Enough private investors have agreed to take huge losses on their Greek bonds, enabling a debt swap deal to go forward, a government source says, clearing a key hurdle for a new bailout package for Greece.
As bondholders continued to decide whether to swap their Greek debt at a steep loss ahead of a 2000 GMT deadline, a government source said participation had already exceeded 75 per cent, the minimum level sought by Athens for the deal to go through.
Talk that the level was close to being reached trickled out throughout the day, helping send stock markets sharply higher across the globe and giving leaders some confidence that a page was about to be turned.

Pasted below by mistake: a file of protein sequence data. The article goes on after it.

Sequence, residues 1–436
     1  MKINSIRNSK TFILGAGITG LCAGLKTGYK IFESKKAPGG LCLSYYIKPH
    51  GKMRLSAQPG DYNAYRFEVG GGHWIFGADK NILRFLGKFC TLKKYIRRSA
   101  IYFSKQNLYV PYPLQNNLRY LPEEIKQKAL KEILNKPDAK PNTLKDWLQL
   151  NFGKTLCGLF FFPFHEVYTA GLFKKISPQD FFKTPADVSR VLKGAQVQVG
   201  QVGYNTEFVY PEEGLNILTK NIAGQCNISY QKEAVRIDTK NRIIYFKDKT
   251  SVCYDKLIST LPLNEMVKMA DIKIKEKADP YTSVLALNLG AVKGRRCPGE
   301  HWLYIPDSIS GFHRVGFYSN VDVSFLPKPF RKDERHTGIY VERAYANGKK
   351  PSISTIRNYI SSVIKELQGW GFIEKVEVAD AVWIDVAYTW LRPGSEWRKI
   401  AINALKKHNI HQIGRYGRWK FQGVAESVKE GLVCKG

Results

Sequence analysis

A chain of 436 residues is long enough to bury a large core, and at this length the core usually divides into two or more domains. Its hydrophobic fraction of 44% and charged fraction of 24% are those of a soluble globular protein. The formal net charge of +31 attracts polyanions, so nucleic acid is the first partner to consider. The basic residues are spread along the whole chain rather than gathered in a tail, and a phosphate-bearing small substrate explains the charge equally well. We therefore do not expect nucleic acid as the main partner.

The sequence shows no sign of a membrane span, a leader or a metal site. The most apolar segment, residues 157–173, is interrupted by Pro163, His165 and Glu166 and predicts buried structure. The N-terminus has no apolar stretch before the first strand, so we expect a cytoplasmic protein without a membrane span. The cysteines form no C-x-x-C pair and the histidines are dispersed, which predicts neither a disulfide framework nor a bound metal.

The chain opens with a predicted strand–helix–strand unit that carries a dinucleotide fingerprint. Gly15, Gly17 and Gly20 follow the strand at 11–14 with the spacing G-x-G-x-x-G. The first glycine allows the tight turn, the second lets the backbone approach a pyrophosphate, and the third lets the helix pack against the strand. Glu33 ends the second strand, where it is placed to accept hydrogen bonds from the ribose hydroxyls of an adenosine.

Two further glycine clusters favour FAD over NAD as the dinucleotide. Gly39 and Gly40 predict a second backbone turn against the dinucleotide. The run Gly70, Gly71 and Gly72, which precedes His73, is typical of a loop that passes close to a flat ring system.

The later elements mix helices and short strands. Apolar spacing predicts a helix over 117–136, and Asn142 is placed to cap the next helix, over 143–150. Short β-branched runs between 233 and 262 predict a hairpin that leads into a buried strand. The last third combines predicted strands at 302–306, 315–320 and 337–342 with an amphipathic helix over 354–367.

Italian Prime Minister Mario Monti said over 60 per cent of private creditors had accepted the debt swap and the global bank association that led the initiative said a deal was close at hand.
“I’m optimistic that there’s going to be an agreement in the next few hours,” managing director of the International Institute of Finance (IIF) and chief negotiator for the banks involved in the debt writedown Charles Dallara said.
The swap is designed to erase more than €100 billion ($A124.7 billion) from Greece’s near and midterm debt and replace it with new maturities.
Read More: Greek bond swap deal to go ahead